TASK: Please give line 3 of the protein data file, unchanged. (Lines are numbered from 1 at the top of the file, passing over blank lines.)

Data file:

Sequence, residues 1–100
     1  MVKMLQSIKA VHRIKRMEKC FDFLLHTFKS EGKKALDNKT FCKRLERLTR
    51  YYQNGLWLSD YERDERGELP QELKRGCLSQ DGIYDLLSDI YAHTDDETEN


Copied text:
    51  YYQNGLWLSD YERDERGELP QELKRGCLSQ DGIYDLLSDI YAHTDDETEN